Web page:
Syrictus – Syrictus

Rating: 3/5
Released: 2018
Label/Distributor: Night Rhythms Records
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Band Line Up

Erik Stenglein: All Instruments/Vocals

Album Tracklisting
  1. Misanthrogenesis
  2. Black Storm of Nebiru
  3. Psychic Hollows
  4. N’gana Simbu



Milwaukee must be a quite a melting pot of madness to have grown up in. From its dairies to its breweries to its notorious serial killers (Dahmer and Gein), to an outsider it seems quite a melange of madness. This seems to have bled into the music of Syrictus. The brainchild of multi-instrumentalist Erik Stenglein, and taking musical cues from the likes of Gorguts, Morbid Angel, and Spawn Of Possession, Syrictus is an interesting listen, but a challenging one.

The release opens with “Misanthrogenesis”, a discordant racket akin to latterday Pestilence. Replete with bowels-of-the-earth vocals, it is a warped ditty full of dark energy, and a pretty scintillating beginning.  Next up is “Black Storm of Nebiru”, which is heavier than a Wookiee’s lunch bill and blacker than the chambers of a dead nun’s heart. More violent and frenzied than the opener, it is bleak and nasty, but with a vaguely progressive air. The pneumatic, warp speed incantation of rage that is “Psychic Hollows” follows. It is a more technical beast without disappearing up its own fetid arse. It has a slower, more forboding middle which adds to the sense of dynamics. “N’gana Simbu” concludes proceedings with its raw and pitiless sound. A cavalcade of bile and snot, it exudes bitterness and menace.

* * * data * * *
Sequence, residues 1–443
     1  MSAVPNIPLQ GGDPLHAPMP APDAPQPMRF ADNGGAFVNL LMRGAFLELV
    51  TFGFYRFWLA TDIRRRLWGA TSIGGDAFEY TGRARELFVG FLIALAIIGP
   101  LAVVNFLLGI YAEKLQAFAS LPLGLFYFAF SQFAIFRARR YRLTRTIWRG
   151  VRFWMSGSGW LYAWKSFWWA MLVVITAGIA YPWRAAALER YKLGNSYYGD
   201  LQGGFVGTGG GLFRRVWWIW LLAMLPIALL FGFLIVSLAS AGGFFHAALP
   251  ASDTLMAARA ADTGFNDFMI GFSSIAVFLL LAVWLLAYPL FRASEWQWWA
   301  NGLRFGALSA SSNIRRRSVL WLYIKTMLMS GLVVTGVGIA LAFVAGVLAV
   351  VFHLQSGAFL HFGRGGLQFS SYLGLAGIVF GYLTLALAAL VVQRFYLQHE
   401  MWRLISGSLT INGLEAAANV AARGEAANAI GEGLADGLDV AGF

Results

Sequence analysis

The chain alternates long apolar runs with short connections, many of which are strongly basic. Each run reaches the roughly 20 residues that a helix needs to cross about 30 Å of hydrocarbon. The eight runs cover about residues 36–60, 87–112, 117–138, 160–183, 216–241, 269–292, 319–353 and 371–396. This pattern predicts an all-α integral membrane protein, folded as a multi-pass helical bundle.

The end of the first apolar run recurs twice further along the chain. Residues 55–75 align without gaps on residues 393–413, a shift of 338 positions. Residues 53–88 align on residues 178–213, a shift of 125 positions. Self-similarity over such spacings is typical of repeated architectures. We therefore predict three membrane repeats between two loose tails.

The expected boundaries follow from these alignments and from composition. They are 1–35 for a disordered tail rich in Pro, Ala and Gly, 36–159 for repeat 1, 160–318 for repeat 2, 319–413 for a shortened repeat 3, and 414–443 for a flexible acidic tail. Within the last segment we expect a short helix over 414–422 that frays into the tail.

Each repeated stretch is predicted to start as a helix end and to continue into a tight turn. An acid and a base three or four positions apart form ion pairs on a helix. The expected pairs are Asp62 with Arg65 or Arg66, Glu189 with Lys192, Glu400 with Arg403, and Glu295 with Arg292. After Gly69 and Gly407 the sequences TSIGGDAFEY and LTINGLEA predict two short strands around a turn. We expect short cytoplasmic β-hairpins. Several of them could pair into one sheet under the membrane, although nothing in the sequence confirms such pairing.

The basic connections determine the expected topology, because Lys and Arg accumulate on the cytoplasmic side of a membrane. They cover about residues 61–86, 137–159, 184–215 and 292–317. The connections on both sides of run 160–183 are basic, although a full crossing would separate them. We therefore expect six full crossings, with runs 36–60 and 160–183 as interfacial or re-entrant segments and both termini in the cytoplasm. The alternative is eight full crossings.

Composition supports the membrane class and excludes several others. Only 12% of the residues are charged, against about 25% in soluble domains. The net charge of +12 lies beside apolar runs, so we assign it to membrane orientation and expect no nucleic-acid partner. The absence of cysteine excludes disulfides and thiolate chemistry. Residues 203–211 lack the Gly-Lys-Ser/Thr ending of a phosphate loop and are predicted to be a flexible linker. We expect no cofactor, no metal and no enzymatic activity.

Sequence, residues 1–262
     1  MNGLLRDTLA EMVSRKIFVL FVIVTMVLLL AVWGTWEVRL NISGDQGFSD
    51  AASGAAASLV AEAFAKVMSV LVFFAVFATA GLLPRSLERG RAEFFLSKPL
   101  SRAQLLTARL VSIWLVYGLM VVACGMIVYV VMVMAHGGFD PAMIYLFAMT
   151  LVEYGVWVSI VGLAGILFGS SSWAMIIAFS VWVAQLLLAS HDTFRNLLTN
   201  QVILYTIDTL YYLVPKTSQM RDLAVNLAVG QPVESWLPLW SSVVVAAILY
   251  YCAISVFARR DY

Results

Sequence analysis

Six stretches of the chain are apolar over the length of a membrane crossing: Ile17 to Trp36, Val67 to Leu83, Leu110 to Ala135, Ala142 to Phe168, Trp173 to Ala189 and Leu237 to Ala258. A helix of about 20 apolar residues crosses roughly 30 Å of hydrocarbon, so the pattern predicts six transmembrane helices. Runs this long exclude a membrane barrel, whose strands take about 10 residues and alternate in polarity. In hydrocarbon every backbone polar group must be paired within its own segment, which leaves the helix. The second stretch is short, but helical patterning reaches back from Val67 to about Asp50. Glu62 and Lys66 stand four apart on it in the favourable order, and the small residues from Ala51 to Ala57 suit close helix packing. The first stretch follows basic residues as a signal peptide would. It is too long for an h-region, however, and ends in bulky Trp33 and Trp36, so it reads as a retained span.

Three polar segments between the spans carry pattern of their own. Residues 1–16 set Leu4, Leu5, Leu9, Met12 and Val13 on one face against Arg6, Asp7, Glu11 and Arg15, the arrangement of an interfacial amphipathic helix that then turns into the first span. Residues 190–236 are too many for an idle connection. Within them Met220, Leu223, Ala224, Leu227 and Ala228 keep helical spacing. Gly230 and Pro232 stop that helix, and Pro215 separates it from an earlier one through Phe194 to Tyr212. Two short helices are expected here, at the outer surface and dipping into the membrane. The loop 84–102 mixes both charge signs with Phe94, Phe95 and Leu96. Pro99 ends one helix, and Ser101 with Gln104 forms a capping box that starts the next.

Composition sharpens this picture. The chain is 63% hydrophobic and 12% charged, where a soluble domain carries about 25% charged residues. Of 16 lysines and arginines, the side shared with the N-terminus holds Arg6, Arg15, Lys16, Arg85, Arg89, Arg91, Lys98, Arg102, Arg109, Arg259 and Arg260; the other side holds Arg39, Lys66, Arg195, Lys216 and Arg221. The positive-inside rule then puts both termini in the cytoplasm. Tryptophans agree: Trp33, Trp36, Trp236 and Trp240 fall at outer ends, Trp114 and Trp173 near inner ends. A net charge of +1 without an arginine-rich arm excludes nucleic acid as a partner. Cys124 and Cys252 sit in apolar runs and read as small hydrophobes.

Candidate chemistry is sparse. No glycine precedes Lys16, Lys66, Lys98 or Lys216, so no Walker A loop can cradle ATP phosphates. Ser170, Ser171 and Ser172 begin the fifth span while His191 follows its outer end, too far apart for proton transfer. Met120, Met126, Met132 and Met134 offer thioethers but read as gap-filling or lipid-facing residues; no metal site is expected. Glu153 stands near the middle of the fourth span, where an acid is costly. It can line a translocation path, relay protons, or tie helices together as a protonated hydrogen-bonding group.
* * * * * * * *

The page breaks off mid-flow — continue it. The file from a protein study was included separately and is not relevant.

The songs on this release are decent enough but they have been let down by the weak production job. Indeed, the peat bog mix makes it hard to discern anything; the guitars coming over as a muddy mess, and the vocals often buried too deep. According to the press release, Erik Stenglein is lyrically influenced by extraterrestrials, conspiracy theories, and the occult. It would have been nice if the vocals were clear enough to hear the words. He could have been bellowing about opening a flower shop for all I could understand. It is to be hoped that this flaw will be rectified on future releases.

Review by Owen Thompson